Missouri lake research goes worldwide

Researchers compile data from lakes throughout the world to look at changing oxygen levels.

photo of a lake

With the changing climate, researchers find an impact on lakes throughout the world. Rebecca North works with other researchers throughout the world to study lake temperatures and oxygen levels.

Aug. 17, 2021

A recent study shows that oxygen levels in temperate lakes around the world are declining rapidly, a trend largely driven by warming temperatures that threaten freshwater biodiversity and drinking water quality.

Rebecca North, assistant professor of limnology in the University of Missouri College of Agriculture, Food and Natural Resources (CAFNR), took part in a worldwide study, which used data from more than 400 lakes around the world, looking at oxygen levels. Of the 400 lakes studied, data from 30 reservoirs in the state of Missouri were used.

The issue of deoxygenation in lakes is not a new phenomenon. Researchers have been collecting this type of data for more than 30 years. When comparing Missouri reservoir data along with global data, researchers found that there is less oxygen than there used to be, particularly in the bottom waters.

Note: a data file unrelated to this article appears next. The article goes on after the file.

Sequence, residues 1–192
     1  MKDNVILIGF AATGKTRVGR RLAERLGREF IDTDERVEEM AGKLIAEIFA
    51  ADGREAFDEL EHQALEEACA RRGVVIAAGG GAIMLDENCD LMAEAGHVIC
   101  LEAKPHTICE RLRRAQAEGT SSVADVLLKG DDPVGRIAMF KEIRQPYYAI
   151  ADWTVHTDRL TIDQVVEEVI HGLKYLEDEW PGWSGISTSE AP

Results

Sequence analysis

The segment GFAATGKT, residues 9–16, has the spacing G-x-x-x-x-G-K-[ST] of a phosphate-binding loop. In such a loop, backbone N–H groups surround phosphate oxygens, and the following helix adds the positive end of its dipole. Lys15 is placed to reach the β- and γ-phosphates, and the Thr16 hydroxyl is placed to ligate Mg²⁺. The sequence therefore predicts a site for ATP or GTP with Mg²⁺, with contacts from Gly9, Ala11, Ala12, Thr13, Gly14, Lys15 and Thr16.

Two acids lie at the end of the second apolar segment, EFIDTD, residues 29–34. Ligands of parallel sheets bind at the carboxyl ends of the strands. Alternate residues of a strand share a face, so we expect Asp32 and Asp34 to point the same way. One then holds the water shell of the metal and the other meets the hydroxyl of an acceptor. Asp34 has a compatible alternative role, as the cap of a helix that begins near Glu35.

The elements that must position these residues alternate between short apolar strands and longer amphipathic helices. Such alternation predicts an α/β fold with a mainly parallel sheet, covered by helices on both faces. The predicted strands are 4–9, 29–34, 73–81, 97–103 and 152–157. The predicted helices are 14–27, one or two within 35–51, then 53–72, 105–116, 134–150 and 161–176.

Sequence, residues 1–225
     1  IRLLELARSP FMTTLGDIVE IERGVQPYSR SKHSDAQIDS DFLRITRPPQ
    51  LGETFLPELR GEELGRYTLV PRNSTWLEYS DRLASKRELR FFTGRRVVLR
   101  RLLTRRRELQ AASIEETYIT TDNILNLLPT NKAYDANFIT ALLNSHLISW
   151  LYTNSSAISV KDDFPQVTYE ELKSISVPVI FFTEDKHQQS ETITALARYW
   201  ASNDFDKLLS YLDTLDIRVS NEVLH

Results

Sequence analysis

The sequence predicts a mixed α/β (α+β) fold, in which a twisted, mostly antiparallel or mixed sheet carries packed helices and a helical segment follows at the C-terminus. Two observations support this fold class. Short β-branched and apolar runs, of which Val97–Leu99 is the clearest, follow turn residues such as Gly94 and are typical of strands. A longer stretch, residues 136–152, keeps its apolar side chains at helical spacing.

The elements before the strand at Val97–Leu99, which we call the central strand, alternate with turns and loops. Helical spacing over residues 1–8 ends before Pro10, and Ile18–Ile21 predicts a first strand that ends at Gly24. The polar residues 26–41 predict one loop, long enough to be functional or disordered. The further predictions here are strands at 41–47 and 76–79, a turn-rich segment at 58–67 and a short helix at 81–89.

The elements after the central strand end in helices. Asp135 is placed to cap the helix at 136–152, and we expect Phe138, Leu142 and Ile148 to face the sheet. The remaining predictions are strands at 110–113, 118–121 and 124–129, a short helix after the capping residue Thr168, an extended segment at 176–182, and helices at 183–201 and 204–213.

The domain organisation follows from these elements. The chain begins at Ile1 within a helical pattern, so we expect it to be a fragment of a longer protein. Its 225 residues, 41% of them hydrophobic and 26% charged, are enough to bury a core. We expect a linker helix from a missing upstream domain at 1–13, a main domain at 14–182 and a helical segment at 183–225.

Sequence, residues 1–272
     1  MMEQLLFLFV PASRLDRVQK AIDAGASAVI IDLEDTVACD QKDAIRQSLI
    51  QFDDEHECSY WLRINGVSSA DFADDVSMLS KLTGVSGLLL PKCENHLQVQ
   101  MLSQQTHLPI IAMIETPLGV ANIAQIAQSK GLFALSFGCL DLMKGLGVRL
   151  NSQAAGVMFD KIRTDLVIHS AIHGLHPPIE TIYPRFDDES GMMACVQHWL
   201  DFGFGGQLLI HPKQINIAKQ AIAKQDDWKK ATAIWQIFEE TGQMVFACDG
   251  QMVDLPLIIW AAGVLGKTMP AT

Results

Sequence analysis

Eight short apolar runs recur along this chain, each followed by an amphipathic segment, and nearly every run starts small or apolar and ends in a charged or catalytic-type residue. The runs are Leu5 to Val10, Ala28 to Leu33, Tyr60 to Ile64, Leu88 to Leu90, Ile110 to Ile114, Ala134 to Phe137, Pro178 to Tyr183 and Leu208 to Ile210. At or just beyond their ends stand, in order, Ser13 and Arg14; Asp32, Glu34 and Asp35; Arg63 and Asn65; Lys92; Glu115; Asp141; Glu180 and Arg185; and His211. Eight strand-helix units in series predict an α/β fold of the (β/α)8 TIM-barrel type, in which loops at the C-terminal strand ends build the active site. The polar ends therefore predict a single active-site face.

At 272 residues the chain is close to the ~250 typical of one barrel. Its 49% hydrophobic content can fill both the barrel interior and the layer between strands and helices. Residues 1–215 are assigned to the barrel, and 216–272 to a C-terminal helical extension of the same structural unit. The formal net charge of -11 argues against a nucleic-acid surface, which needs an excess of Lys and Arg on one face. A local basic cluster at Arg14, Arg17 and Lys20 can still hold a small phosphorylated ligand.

“In lakes, oxygen is important if you want to breathe,” said North. “Obviously, it affects fish and invertebrates. They tend to live at the bottom of these lakes because they are cooler.”

By combining Missouri’s data with the worldwide perspective, North said it sends a stronger message about the importance of the research and its ability to impact change.

“It is important to continue funding these long-term monitoring programs, otherwise, we wouldn’t have long-term data. If we didn’t have this data, we wouldn’t have a place to look for change."

Data collected on Missouri lakes was done through an ongoing research project called SLAP, the State Lake Assessment Program. During the summer, MU sends undergraduate students to assess and collect data on lakes throughout the state. These students go to about eight lakes per day, using an instrument that continuously measures the temperature.

Read more from the College of Agriculture, Food and Natural Resources

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